Tuesday, November 18, 2014

The Jetboil Joule – Preview

I've been loaned a Jetboil Joule for the purposes of conducting a review.  I haven't started the review process just yet (I'm still working on the new MSR Windboiler), but I thought I'd post some photos and make a few remarks.

The Jetboil Joule is a powerhouse of a stove, designed for snow melting and cold weather.  It's an inverted canister stove which gives it a 20 Fahrenheit degree cold weather advantage over regular upright canister stoves. If you're not familiar with how and why an inverted canister stove confers a cold weather advantage on the user, please read my article in Seattle Backpackers Magazine, Stoves for Cold Weather II.

The Jetboil Line Up
So, first, how does the Jetboil Joule compare size wise to other Jetboils?
Jetboil stoves L to R:   Joule, Sumo, PCS (the original Jetboil), and Sol
The Joule is quite frankly massive.  It's a much bigger backpacking stove set up than any I can think of except perhaps a two burner rig such as the Coleman Xpedition, but even the Coleman Xpedition doesn't take up as much space in one's pack.

It's fairly heavy too at 28 oz/790 g.  That's over three quarters of a kilogram, which is fairly heavy for a stove, even an integrated stove system like the Joule.

But that weight and size may well be worth it if you've got some serious snow melting to do.  It's very clearly targeting mountaineers and serious cold weather travelers.

The Competition
How does the Joule compare to the competition?  Well, the only other integrated canister stove system that has comparable capacity is the 2.5 L version of the MSR Reactor.
The Jetboil Joule, left, and the 2.5 L MSR Reactor, right.
Also of note is the height of the stove when set up.  Here is the Joule, again alongside the 2.5 L MSR Reactor.
The Jetboil Joule, left, and the 2.5 L MSR Reactor, right.
The Jetboil Joule is as you can see, a fairly tall set up.  I will address system stability in my review.

Well, that's all for today; just a quick preview of the Jetboil Joule.  More to follow.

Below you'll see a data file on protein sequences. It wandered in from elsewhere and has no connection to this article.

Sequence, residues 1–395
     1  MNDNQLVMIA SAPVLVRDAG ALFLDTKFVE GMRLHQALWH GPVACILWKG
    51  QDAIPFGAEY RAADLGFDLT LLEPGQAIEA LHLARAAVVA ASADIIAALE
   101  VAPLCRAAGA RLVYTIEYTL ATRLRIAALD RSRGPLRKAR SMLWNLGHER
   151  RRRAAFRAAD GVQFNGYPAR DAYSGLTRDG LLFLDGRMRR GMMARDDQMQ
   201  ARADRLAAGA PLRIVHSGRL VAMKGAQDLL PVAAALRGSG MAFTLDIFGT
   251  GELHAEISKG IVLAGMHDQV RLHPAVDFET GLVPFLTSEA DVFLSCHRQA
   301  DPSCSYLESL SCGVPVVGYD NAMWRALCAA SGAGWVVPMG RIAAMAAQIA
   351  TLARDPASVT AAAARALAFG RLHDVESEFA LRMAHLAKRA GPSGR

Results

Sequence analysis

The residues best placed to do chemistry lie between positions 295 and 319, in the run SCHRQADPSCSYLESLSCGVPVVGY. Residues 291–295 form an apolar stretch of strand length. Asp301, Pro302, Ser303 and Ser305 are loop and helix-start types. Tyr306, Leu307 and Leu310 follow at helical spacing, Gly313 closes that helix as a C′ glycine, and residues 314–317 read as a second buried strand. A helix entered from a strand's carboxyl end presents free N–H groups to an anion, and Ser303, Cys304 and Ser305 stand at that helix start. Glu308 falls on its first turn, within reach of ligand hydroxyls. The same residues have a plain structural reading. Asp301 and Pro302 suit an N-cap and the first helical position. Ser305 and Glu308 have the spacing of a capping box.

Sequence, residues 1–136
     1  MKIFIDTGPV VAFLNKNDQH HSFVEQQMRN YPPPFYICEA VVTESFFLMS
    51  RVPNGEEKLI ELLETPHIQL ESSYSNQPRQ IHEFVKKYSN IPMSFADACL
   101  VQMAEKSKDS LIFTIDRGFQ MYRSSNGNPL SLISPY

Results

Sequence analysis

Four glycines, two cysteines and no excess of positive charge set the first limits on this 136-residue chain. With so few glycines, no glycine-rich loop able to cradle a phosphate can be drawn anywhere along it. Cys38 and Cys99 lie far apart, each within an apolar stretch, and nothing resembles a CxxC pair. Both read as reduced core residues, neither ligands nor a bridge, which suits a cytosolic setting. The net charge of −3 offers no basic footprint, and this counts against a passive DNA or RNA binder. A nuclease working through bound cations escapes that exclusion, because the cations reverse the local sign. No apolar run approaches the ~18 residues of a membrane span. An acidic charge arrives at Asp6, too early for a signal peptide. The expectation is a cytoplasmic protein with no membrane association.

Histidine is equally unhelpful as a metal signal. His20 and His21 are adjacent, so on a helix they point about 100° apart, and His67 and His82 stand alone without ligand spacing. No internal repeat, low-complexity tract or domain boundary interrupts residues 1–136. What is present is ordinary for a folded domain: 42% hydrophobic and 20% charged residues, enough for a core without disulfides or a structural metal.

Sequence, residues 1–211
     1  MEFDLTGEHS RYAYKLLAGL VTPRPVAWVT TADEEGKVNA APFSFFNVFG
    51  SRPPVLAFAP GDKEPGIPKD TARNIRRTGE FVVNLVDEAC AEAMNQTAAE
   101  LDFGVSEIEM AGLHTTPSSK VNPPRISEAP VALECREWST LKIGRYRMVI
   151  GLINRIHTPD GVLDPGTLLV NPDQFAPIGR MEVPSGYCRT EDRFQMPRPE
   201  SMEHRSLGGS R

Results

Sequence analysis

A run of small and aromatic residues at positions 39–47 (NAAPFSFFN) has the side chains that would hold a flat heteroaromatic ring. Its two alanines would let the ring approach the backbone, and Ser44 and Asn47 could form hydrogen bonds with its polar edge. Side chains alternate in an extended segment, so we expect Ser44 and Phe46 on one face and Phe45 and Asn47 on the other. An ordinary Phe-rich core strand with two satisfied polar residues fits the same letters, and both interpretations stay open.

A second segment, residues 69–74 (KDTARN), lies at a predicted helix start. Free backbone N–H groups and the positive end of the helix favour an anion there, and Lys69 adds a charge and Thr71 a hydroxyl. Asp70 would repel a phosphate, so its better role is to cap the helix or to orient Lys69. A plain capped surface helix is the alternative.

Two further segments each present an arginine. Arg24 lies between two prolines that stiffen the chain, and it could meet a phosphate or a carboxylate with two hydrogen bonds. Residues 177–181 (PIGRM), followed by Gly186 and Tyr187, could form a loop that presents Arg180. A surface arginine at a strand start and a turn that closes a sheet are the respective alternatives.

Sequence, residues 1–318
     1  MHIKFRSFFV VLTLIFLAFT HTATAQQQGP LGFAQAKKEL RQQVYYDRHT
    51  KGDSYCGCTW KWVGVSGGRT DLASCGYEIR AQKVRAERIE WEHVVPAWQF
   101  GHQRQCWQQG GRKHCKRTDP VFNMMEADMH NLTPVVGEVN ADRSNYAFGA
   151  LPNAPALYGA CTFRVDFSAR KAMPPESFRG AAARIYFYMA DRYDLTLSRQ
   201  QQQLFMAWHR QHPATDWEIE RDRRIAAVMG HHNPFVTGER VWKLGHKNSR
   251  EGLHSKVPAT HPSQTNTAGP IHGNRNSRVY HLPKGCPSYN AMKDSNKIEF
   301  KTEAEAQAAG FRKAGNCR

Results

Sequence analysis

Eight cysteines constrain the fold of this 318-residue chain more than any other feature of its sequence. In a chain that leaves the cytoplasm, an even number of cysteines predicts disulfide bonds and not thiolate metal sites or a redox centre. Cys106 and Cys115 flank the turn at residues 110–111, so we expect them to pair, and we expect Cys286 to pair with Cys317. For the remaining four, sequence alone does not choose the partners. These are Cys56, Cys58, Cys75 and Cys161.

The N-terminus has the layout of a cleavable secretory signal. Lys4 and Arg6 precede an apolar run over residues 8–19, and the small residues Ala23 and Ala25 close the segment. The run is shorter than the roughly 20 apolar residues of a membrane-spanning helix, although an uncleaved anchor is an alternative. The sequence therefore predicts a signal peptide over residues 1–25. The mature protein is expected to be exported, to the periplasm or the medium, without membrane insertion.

Thursday, November 13, 2014

Lighting the Windboiler

The new Windboiler stove from MSR does not come with a built-in piezoelectric ignition.  It works fine to light the stove with a match or butane lighter, but it's always nice to know what your options are.  So, I thought I'd try a couple of quick lighting experiments.

1.  Firesteel
First, I tried a firesteel.
A firesteel from Light My Fire
If you're not familiar with a firesteel, they're a fairly simple means of lighting things.  You take the steel striker, which is the silvery object on the left in my hand in the above photo, and scrape it rapidly and with force along the firesteel which is the object with the red base in my hand.  A shower of sparks results.  Now, sparks will light some things but not others.  For example, good luck lighting just a stick alone with a firesteel.  But try a firesteel on something fluffy and airy like a spread out cotton ball or dryer lint, and it will work just fine.

OK, so what about lighting stoves?  Well, it works well on some, but it's a bit harder on others.  The trick usually is to strike from directly above.  I tried it on the new Windboiler, and...
The rim around the Windboiler's burner and the wide head are ideal for lighting with a firesteel.
And it's perfect.  I mean it works really, really well.  It can be a trick to light some stoves with a firesteel, but the Windboiler makes it look easy.  The rim around the Windboiler appears to contain and concentrate the heavier-than-air fuel gasses.  The burner head of the Windboiler is nice and wide and catches all the sparks.  I tried lighting the Windboiler several times with a couple of different firesteels, and I got the stove to light on the first try every time.   That's pretty good; many stoves take multiple tries before they'll light with a firesteel.  Basically, a firesteel is eminently practical with a Windboiler.